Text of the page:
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Timeline: Sonoma Valley Bank's collapse

  • 7/24/2011: A9:
    PC: Glen Ellen branch of the Sonoma Valley Bank.

Prosecutors allege that Marin County developer Bijan Madjlessi and his attorney, David Lonich, worked with Sonoma Valley Bank executives Sean Cutting and Brian Melland to defraud the bank by obtaining loans for the Park Lane Villas mixed-use development in Santa Rosa.

Here is a timeline of the allegations, which are laid out in an indictment unveiled Thursday by the U.S. Attorney's Office:

April 2008 — Madjlessi defaults on IndyMac Bank loan for more than $30 million that had been used to fund construction of Park Lane Villas East. IndyMac files a civil lawsuit seeking to recover the loan one month later.

A Look Back At Sonoma Valley Bank's Collapse

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July 2008 — IndyMac collapses and the bank is taken over by the Federal Deposit Insurance Corp. To recoup money owed by Madjlessi, the FDIC decides to auction off the Park Lane Villas loan.

Prosecutors allege Madjlessi, Lonich, Cutting and Melland conspired to have Madjlessi bid on the loan and regain control of the project, in violation of FDIC regulations. Madjlessi would allegedly use a "straw borrower" to mask his true identity, according to prosecutors.

February 2009 — Sonoma Valley Bank receives $8.7 million from the federal bank bailout fund, the Treasury Troubled Asset Relief Program (TARP).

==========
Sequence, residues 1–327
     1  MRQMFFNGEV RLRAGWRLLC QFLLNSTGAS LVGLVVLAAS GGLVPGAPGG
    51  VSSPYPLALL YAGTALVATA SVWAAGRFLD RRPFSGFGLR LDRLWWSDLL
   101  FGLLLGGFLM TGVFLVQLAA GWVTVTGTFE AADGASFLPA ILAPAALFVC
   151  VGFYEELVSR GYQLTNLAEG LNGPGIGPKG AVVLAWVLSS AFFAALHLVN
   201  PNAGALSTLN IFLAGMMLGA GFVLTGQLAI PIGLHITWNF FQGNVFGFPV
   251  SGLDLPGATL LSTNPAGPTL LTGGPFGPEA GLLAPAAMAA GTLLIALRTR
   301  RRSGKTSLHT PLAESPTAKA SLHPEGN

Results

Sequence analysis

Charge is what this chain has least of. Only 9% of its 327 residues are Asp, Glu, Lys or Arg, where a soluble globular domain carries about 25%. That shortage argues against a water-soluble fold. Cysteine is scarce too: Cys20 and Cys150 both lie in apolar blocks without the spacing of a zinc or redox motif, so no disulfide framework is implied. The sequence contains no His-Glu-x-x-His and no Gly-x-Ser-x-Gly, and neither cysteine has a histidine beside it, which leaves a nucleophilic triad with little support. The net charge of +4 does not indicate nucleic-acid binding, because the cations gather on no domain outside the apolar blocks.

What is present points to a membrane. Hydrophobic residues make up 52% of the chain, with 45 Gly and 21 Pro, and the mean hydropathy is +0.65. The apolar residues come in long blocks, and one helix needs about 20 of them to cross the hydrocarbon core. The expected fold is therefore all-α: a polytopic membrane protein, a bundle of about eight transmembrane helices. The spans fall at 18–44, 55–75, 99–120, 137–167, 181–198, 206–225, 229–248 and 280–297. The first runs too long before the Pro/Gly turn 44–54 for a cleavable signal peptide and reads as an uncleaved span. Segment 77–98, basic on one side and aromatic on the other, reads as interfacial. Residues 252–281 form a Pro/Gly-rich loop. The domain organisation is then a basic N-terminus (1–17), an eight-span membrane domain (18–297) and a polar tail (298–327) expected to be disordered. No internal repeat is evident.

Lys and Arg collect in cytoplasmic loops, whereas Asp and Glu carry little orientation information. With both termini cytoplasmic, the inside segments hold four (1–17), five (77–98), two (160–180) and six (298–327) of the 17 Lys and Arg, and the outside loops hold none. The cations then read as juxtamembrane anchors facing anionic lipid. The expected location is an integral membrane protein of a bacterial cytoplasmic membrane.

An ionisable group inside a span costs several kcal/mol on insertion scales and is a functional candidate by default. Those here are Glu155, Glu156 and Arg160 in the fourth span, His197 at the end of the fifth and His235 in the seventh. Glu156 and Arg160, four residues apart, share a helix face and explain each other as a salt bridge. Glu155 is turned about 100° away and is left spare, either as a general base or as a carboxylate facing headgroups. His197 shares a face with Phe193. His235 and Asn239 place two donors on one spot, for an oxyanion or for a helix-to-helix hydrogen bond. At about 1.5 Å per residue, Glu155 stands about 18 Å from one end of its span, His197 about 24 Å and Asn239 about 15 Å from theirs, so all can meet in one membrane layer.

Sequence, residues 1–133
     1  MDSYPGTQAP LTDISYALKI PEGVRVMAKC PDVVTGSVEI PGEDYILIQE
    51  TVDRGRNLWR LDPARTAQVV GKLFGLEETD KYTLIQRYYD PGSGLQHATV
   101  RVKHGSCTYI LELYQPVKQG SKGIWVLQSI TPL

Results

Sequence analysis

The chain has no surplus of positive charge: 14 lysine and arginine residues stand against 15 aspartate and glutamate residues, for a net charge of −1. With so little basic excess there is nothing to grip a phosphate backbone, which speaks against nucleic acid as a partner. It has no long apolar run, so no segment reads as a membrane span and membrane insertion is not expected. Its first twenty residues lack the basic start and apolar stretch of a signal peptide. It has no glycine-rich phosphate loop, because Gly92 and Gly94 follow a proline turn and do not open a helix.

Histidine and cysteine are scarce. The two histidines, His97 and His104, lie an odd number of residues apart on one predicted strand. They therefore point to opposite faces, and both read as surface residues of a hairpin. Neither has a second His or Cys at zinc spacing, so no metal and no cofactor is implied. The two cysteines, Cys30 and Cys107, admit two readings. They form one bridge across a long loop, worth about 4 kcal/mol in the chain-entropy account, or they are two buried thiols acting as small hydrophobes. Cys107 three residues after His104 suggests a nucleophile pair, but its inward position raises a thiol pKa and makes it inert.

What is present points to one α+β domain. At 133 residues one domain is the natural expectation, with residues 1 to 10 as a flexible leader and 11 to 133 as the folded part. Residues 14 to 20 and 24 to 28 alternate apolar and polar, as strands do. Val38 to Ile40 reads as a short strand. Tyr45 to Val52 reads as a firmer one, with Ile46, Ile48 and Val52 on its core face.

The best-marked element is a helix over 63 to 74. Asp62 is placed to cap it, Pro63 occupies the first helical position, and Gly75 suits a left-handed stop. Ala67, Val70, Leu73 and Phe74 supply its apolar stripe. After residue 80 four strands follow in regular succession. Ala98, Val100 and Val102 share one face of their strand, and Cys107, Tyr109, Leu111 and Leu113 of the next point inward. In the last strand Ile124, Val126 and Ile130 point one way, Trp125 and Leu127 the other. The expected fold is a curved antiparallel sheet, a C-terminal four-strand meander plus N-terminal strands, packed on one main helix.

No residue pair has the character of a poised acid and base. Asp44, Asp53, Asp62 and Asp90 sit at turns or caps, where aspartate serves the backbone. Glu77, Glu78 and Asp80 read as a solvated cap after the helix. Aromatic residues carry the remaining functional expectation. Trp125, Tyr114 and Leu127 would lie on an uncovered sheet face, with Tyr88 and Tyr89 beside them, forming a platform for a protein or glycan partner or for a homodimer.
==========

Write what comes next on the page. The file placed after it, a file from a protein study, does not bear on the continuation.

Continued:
March 2009 — Lonich creates 101 Houseco LLC and installs James House as its nominal owner. "In fact, (House) was a straw who exercised no meaningful control of 101 Houseco; instead Madjlessi and Lonich exerted control of the company," according to the indictment.

Madjlessi seeks a loan for 101 Houseco from Cutting and Melland. The two bank executives authorized the loan, even though they allegedly knew that Madjlessi and Lonich were the true borrowers and that House was a straw borrower, according to prosecutors. Cutting and Melland also knew the loan would likely violate the bank's legal lending limit to Madjlessi, prosecutors alleged.

101 Houseco becomes the winning bidder for the defaulted IndyMac loan. It paid $4.2 million for the deed, considerably less than the $27.5 million Madjlessi still owed on it, according to a 2011 Press Democrat story.

November 2009 — Sonoma Valley Bank nearly doubles the size of the 101 Houseco loan, from an initial balance of $5.5 million to a final balance of $9.5 million. More than $4.5 million went to Masma Construction, a company controlled by Madjlessi, according to prosecutors.


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